But they’re not scary at all. She was reluctant to walk into the yard. Her story was that a breeder used her to breed a lot of puppies (so much so that her teats sagged), then dumped her when she was no longer any use. While Dogo Argentino’s aren’t too friendly with other dogs, they truly are gentle with people. A volunteer took her into a locked kennel and then sat with her for an hour (The day was full of amazing volunteers like her). Just petting her, befriending her, talking to her, and finally getting licks, cuddles and “dog hugs” from this giant who was truly gentle.
After a while, I switched with her and entered the kennel. We sat, we talked (well, I talked), I petted her, and got some slobbery licks and hugs in return. I noticed that her white fur was dirty, her nails long. But she seemed happy. Would someone see past her fierce appearance and rescue her?
Social critics have a wonderful time critiquing our society. And we make it so easy for them. We spend too much on war and not enough on schools. We’ve known for a long time that we are too dependent on carbon based energy and we’re only now just starting to think about it. We use our resources like they will never run out. We build huge skyscrapers and fancy office towers and luxury hotels. And roll up our car windows when a homeless person walks by. We treat political ideology like religion and politics like professional sports instead of public service. We treat religion like private clubs for the very special. A simple reading of history would suggest that it’s been that way for us since the beginning of recorded time.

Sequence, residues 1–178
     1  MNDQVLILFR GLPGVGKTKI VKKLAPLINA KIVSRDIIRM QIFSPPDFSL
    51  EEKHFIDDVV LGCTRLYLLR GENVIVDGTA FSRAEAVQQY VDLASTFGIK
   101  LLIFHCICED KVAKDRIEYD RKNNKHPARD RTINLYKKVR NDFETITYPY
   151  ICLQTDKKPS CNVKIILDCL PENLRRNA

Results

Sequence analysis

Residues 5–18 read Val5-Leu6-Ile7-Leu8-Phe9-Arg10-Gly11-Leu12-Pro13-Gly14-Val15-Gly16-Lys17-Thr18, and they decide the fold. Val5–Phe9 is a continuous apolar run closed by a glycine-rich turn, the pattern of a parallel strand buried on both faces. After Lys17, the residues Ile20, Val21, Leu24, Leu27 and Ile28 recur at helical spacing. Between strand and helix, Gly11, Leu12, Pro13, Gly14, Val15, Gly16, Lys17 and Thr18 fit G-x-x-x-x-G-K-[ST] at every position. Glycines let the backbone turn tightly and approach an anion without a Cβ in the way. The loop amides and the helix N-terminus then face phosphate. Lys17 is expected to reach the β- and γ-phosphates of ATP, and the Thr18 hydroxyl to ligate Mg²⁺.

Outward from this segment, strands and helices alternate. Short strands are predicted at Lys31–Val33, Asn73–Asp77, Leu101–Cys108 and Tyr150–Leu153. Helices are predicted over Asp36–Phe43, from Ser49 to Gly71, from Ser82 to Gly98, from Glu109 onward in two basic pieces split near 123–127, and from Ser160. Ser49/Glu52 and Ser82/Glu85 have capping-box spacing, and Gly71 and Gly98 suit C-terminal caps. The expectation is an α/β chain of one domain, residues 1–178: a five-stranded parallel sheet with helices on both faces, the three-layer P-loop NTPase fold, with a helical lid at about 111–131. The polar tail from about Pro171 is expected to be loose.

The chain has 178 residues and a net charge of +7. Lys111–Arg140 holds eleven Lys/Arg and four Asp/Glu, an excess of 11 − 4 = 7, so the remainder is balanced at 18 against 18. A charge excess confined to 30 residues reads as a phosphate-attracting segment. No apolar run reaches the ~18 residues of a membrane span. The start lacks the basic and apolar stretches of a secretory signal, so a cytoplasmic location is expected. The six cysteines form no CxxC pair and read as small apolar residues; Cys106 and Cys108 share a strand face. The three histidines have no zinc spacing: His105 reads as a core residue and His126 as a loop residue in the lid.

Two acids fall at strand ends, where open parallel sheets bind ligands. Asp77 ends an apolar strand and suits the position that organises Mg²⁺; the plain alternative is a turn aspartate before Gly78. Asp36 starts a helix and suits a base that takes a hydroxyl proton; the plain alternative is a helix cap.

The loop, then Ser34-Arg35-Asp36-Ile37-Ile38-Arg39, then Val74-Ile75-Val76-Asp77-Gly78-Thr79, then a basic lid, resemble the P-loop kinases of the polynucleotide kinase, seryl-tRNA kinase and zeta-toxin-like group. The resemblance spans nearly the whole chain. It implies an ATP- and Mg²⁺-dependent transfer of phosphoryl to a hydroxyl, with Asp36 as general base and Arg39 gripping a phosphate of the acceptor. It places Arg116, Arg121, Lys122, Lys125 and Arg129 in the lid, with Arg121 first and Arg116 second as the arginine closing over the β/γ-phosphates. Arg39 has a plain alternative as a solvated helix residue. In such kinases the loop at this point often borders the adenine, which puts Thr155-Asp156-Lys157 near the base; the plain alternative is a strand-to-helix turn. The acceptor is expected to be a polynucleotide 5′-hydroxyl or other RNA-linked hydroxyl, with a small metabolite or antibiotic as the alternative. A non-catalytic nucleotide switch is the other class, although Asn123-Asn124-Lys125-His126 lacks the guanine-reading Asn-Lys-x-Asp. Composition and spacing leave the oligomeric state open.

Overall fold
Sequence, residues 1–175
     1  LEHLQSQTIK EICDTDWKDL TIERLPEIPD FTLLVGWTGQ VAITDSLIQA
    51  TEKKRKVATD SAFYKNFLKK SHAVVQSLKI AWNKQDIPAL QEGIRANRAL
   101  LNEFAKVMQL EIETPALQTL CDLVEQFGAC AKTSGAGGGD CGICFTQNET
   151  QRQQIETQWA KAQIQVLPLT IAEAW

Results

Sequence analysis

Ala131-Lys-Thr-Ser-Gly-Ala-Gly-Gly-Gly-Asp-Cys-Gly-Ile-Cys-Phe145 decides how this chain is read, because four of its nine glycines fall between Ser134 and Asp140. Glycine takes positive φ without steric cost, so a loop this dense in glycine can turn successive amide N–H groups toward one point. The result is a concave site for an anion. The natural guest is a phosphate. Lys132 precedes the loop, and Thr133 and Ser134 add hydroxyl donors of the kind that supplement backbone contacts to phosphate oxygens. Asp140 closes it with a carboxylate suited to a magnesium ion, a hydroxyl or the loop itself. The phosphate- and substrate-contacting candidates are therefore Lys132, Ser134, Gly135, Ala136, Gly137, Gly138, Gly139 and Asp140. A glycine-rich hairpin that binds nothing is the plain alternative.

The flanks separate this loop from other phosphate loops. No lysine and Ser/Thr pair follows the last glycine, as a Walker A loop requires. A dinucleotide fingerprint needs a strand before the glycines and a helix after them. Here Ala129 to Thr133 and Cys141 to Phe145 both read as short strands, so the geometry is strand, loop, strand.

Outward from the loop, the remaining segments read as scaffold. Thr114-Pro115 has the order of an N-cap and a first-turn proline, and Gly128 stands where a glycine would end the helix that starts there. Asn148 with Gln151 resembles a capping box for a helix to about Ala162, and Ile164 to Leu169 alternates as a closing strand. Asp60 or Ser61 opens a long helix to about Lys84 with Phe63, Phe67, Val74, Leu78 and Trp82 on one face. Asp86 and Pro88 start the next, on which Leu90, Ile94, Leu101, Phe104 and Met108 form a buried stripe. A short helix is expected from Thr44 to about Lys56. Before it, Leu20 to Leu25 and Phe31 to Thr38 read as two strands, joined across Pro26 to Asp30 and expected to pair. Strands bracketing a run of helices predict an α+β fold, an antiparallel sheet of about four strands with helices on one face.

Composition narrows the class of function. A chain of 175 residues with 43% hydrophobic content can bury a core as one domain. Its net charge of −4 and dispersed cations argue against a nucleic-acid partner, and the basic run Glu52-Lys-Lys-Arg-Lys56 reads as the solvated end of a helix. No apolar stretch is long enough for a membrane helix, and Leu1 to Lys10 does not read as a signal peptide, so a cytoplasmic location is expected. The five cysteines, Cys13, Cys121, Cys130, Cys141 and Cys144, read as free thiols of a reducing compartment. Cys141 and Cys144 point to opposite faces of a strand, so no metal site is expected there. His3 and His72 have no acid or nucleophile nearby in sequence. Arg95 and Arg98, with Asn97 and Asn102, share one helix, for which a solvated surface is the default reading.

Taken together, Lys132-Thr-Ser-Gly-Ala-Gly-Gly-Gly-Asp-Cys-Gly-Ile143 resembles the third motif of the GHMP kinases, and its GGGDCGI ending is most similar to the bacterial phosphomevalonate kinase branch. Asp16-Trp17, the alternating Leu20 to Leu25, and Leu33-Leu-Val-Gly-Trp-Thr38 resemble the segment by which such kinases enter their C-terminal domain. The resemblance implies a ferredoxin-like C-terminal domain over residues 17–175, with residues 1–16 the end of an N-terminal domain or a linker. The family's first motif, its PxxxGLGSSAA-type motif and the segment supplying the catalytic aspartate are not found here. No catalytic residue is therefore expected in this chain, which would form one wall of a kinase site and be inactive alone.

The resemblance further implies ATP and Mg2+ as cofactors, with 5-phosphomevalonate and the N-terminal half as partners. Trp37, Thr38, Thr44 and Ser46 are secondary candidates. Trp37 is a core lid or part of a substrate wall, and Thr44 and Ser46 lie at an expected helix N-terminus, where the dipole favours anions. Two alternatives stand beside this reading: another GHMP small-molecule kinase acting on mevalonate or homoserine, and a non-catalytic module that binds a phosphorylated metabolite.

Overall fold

But with all we know now, I wonder, why would we continue to treat our companion animals like any other disposable widget we’d pick up from the nearest Walgreens? How can we do this?
I took her to the washing station and with the guidance of another volunteer, I got her bathed and her nails trimmed. The whole time, this big, scary looking dog just stood there, wagging her tail, licking our hands, smiling. Just being her marvelous doggy self. How much of her life had been spent locked in a cage, being mated time and again. How often had she been outside in her old life? How could she be so calm and trusting of humans after all of that?
Would we be a better society if we treated our animals better? If we spent as much licensing these “breeders” and “inspecting” them as we do our buildings and machinery and automobiles, would that stop this abuse? Who will tell this mature, 90 pound Dogo Argentino, “Yes, I like you, I love you, we want you to live with us and be our family?”
Thousands of generations ago, the first dogs crept into the fire circles of our ancestors and allowed themselves to be domesticated. They did it because the food was better, there was companionship and there was warmth. Even back then I am sure that we periodically broke our bond with our dogs. I’m inclined to think, I have to think, that even at this late date we can do better and that we want to. If we treat our animals with more care and dignity, I think our future could be brighter.
And the first step would be for someone who can, to take in this heartbreakingly wonderful gentle white giant.